RUTH SUNDERLAND: Persimmon’s toxic legacy should serve as a lesson for other firms and the Government
Persimmon’s boss Jeff Fairburn who resigned following outrage over his £75 million bonus
Jeff Fairburn, the boss who brought housebuilder Persimmon into disrepute with his obscene £75 million bonus is gone but not forgotten.
His departure should not mark the end of this particular story, but merely the beginning of an overhaul of governance and business practice, starting now.
There are also wider lessons for other companies and for the Government that must be heeded.
Tomorrow the company is expected to confirm it is the first housebuilder in Britain to make profits of more than £1 billion in a single year.
A profits bonanza would normally be a cause for celebration. In this case the achievement is tainted by the row over pay and the firm’s use – and possible abuse – of the taxpayer-backed Help to Buy scheme.
The backlash has begun. Ministers are now reviewing Persimmon’s right to sell Help to Buy homes – around half those it built last year were sold under the scheme – after allegations of poor standards and hidden charges.
Shareholders take note: these huge profits may not carry on much longer. Fairburn was asked to leave in November by new chairman Roger Devlin and the company might announce a successor as soon as this week.
But the extreme fat-cattery has complicated the search for a top-notch chief executive. The problem with inside candidates who might normally have stepped into the role is they were part of the old culture.
Around 130 of them have themselves received enormous sums under the incentive scheme. The company is being run on an interim basis by a Fairburn lieutenant named Dave Jenkinson.
His haul of around £40 million made him one of the top-paid managers in the FTSE 100 last year, extraordinary for someone who was not even in charge. Another Fairburn flunkey, finance director Mike Killoran, made £50 million – £60 million. This makes for a major problem with hiring from outside.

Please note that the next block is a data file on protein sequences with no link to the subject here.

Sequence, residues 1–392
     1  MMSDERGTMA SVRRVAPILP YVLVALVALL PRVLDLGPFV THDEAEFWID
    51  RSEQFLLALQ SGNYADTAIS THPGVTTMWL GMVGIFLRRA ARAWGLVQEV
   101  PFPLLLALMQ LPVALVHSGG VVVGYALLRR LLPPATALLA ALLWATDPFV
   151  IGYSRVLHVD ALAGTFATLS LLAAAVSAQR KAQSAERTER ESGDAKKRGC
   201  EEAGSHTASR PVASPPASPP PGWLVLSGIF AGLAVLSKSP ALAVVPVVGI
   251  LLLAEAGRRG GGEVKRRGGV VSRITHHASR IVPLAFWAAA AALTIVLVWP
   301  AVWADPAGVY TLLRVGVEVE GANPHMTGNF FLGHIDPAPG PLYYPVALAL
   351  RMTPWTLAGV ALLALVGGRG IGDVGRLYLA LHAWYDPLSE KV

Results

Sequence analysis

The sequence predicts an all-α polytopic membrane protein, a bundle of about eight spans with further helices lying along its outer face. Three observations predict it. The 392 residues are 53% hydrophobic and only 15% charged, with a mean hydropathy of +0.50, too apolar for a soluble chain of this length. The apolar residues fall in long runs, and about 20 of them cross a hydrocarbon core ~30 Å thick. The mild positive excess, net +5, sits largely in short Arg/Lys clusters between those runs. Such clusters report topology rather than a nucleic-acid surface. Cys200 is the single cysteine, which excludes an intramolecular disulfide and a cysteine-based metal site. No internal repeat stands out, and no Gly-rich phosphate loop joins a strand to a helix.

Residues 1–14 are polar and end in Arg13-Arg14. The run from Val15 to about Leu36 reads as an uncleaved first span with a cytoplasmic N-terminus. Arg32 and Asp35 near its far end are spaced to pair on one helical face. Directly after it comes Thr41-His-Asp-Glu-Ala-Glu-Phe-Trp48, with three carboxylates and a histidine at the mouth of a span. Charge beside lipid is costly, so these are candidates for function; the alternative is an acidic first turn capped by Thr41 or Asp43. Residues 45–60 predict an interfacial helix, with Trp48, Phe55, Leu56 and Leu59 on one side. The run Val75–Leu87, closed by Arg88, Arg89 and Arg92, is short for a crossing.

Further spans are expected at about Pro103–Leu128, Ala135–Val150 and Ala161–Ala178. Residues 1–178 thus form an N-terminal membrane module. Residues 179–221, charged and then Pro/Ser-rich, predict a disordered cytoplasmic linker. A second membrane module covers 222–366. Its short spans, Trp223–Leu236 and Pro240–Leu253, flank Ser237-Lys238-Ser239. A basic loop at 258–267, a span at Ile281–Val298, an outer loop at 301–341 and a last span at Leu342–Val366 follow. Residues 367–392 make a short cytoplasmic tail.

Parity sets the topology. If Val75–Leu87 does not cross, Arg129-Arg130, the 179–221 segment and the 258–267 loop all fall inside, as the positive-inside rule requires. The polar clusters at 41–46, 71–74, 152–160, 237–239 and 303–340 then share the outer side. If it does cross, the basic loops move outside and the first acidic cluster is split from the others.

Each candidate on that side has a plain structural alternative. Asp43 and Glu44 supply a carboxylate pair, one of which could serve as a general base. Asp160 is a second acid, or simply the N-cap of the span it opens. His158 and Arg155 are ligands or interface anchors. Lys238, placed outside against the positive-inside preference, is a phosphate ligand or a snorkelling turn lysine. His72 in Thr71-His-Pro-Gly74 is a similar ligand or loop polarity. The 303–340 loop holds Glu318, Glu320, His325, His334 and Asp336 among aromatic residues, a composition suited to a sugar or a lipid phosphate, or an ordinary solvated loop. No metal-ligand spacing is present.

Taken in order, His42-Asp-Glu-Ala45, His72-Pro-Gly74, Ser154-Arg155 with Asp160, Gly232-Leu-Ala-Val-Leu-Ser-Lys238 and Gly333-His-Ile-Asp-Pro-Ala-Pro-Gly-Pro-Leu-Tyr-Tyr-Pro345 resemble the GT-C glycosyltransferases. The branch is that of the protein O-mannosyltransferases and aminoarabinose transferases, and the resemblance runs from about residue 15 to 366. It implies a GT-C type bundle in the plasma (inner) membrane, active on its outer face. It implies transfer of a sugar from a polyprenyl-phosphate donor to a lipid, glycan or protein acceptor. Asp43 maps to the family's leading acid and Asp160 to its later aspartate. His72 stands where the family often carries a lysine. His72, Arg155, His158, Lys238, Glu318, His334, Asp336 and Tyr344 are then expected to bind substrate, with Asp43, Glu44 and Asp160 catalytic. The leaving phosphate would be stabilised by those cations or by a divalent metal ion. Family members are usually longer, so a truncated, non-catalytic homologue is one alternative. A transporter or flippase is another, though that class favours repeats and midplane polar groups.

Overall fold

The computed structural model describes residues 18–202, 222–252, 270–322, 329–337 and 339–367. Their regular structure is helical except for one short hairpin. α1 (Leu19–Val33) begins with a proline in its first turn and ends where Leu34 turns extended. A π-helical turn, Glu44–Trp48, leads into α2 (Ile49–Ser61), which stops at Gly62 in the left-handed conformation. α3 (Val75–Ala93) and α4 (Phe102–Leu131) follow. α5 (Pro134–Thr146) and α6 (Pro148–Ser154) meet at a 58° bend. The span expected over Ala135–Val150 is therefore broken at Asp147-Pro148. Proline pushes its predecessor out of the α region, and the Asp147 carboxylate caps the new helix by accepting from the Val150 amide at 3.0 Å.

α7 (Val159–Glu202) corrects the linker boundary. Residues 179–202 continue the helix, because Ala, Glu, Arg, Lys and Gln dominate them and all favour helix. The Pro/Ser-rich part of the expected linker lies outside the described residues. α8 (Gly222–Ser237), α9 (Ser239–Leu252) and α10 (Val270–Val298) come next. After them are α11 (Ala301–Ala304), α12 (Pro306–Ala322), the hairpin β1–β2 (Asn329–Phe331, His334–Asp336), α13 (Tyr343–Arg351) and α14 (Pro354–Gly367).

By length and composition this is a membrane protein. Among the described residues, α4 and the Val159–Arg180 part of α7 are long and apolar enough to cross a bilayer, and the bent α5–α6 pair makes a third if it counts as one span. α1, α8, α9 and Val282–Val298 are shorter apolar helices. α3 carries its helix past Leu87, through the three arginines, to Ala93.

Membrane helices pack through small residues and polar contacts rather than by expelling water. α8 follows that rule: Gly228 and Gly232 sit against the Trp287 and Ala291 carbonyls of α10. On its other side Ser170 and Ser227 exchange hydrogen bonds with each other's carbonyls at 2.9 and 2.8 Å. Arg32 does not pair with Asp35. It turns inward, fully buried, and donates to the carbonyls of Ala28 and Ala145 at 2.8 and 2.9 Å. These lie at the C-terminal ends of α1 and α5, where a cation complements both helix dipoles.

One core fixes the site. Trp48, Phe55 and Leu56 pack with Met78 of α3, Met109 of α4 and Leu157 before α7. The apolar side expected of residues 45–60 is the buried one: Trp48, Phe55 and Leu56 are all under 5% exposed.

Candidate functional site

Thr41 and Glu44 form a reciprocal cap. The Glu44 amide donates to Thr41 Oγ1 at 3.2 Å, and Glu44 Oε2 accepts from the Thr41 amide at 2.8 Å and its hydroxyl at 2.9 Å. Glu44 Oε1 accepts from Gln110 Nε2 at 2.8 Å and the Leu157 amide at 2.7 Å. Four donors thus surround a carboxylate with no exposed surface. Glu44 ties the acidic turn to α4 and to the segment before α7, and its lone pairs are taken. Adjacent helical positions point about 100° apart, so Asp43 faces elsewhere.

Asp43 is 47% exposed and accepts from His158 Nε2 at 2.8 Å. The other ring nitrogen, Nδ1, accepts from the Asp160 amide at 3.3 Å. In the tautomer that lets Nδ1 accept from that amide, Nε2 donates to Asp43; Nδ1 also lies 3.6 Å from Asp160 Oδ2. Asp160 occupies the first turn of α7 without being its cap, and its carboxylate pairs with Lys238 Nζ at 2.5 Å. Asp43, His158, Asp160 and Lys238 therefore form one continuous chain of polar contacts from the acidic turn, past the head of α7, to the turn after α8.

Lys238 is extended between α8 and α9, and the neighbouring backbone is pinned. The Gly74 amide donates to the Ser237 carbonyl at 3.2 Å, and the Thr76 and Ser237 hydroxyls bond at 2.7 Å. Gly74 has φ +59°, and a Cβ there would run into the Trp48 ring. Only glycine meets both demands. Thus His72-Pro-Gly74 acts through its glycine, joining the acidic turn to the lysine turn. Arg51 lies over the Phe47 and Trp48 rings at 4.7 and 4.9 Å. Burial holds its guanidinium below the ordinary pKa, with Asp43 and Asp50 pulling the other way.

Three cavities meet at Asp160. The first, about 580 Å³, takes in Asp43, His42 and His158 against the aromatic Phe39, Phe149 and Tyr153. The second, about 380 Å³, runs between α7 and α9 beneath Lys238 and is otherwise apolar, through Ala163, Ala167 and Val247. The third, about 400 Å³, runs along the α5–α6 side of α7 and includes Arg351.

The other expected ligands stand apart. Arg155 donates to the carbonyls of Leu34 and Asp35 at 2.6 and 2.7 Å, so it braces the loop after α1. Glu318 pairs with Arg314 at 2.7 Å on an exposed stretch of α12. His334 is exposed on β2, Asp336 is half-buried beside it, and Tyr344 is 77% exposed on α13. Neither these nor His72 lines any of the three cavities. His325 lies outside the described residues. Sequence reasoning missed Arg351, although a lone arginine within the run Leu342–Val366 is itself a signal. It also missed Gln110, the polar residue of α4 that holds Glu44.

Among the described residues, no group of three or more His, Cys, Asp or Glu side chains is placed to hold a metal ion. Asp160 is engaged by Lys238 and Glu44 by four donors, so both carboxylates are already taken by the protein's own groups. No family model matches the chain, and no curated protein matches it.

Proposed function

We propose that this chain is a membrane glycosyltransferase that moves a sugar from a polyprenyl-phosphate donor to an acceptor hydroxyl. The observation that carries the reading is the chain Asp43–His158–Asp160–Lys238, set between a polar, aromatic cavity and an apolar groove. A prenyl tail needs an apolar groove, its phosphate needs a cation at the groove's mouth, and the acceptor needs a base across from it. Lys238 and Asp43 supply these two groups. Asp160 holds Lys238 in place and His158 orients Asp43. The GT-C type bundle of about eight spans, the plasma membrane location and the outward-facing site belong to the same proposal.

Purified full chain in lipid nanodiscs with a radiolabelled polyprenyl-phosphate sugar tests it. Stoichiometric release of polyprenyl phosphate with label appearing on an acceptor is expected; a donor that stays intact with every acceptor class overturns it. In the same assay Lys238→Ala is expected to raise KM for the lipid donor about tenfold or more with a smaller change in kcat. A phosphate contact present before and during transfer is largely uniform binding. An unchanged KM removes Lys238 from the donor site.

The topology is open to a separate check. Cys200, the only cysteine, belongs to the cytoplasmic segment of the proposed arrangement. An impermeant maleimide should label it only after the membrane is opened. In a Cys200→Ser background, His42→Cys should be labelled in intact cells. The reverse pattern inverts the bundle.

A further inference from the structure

Ruth Sunderland says the extreme fat-cattery within Persimmon has complicated the search for a new top-notch chief executive
Perhaps Persimmon can attract, say, Sir Martin Sorrell. Or maybe it can persuade Monaco-bound billionaire Sir Jim Ratcliffe to move to its HQ in York and try his hand as top brickie. Failing that, the new boss will be a Cinderella CEO surrounded by underlings much, much richer than him or herself.
This is an inversion of the natural hierarchy of money and status at the top of a company and it is bound to create trouble.
There are two big lessons here. The first is that government interventions in markets, such as the Help to Buy scheme, or in a different sphere, the energy price cap that has perversely pushed prices up, can easily have unfortunate consequences.
Help to Buy was well intentioned but it has done as much harm as good by inflating house prices and boosting profit margins and executive pay.
The second lesson is that objections to inordinately high pay is not just the politics of resentment. Extreme rewards for managers (entrepreneurs are a different matter) are almost always an indicator of other dysfunction at a company.
In the case of Persimmon it is indicative of a culture that was arrogant and gluttonous for profit even at the expense of the company’s reputation.
Had it not been for the deservedly awful publicity about pay, and the wider scrutiny that resulted, the company might not have attracted ministerial attention and might not now be facing the loss of its lucrative Help to Buy contract. Greed, in the long term, is not good.
Fairburn and his cronies made short-term profits but have left a lingering poison that will afflict Persimmon for years to come.